model and the Rotten Kid Theorem hold only in a narrow range of environments.
The Stackelberg game is a two-stage game in which the potential recipient, for definiteness,
the child, moves first and the altruist moves second. At the first stage, the child chooses among
actions that determine both her income and that of the father. At the second stage, the father observes
the child's income and his own, and may choose to transfer some of his income to the child. The
father is assumed to care about both his own consumption and the child's utility (i.e., to have
deferential preferences). If we restrict our attention to income situations in which the father would
make positive transfers to the child, and if transfers to the child are a normal good, then the child is
better off when family income is higher even though her own income is lower: in effect, family
income is pooled and her post-transfer utility depends on total family income, not on how much of
it she earns. In the Stackelberg game, Becker's claims about efficiency, distribution, and the
rationalizability of family demand functions hold in the environment just described but, as Becker has
acknowledged, they hold only in a narrow range of environments.
When Becker asserted that in the altruist model the adjustment of transfers to family members
3 Becker mentions transaction costs only once in the Treatise, citing Posner for the proposition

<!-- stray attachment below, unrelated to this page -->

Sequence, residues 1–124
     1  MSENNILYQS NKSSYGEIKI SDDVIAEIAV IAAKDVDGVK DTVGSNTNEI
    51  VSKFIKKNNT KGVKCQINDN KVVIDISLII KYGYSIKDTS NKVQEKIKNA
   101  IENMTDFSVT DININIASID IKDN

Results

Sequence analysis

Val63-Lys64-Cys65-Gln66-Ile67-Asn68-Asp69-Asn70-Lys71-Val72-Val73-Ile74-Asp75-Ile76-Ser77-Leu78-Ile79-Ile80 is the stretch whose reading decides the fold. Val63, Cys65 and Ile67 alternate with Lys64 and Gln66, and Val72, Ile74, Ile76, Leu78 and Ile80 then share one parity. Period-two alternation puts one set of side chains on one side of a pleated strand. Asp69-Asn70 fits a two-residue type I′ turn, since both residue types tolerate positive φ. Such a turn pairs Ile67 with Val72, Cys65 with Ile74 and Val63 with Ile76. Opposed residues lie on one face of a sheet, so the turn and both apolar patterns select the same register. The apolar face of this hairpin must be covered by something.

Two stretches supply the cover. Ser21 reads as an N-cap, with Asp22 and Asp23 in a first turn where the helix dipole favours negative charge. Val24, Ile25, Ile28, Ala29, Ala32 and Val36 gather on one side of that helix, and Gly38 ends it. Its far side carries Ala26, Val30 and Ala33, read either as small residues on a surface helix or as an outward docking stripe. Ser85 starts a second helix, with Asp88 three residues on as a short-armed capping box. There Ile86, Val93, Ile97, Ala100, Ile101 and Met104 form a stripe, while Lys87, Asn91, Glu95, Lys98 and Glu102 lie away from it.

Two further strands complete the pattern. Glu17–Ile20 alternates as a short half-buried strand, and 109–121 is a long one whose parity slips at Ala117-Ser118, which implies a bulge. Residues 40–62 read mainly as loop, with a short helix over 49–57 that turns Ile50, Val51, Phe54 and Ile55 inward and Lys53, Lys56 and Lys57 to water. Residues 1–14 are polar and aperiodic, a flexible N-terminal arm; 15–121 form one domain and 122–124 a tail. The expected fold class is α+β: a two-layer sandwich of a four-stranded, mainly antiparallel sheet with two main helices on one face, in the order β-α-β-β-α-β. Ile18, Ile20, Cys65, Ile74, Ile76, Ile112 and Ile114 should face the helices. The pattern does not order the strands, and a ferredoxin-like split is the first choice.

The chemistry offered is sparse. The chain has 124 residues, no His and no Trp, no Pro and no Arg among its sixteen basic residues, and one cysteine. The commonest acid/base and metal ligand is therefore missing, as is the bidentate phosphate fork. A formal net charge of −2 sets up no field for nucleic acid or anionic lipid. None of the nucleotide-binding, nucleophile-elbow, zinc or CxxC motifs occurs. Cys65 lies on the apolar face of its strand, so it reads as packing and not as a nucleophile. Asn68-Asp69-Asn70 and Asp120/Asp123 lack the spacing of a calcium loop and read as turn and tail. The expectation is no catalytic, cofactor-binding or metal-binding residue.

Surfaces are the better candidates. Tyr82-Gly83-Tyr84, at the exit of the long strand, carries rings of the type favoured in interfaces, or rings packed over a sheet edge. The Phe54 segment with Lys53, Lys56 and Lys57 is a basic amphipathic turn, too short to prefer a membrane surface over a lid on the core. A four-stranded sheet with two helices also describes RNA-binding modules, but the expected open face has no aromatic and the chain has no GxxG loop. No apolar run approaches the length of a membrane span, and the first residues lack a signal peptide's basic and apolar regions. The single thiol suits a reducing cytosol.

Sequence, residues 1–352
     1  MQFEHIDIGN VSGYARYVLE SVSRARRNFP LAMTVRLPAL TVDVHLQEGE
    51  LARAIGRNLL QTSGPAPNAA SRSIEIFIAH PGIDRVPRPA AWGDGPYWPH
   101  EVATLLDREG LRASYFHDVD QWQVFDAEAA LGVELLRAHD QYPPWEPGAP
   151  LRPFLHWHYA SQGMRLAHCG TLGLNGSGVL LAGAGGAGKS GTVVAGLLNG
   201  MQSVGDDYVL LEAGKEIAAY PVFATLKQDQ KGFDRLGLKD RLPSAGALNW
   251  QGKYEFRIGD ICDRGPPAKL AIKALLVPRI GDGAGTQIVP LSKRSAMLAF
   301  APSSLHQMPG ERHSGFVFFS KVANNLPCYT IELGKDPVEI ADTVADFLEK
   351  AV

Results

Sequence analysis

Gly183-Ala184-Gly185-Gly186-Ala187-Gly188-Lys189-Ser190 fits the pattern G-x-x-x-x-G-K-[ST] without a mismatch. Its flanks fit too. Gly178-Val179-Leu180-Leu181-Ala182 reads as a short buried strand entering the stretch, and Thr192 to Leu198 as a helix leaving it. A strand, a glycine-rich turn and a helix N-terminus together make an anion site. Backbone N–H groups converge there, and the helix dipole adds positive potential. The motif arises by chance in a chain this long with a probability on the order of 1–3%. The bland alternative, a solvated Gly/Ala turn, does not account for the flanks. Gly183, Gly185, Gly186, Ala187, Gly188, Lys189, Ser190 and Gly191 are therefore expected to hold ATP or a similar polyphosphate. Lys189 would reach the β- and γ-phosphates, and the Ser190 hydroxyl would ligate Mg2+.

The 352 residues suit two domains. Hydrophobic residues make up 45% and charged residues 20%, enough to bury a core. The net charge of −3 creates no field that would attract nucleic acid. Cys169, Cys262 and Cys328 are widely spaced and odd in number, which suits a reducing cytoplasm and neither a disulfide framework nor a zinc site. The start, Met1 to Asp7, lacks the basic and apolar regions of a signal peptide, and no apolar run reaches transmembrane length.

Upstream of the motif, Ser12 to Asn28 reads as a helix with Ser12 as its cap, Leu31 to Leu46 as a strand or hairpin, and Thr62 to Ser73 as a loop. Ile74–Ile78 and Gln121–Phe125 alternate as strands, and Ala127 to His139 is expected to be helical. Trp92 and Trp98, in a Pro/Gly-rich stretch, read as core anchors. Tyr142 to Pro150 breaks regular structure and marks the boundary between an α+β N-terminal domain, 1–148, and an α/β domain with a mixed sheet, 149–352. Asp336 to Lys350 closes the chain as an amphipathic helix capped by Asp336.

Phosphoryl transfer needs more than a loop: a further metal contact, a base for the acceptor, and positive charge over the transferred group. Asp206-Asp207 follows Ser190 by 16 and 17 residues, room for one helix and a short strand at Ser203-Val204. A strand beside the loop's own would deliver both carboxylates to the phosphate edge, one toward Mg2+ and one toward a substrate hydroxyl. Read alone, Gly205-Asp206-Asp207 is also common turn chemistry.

that the common law improves efficiency when transaction costs are large (p. 363). He refers to
Coase twice in the Treatise, but never to discuss the relationship between the Rotten Kid Theorem
and the Coase Theorem. Bergstrom [1989, p. 1138; see also, pp. 1157-8] characterizes the Rotten
Kid Theorem as a "younger sibling" of the Coase Theorem, although neither Bergstrom [1997] nor
Behrman [1997] mention the Coase theorem in their discussions of the Rotten Kid Theorem.
is "automatic," he may have had in mind the Stackelberg model. His assertion that these adjustments
are "automatic" distinguishes his analysis from that of Coase whose bargaining analysis implies
efficiency, but does not imply Becker's distributional result or the rationalizability of family demand
functions. Becker uses the word "automatically" to distinguish his approach from Coase's: "The
Coase Theorem proves that when 'bargaining cost' are negligible, each family member could always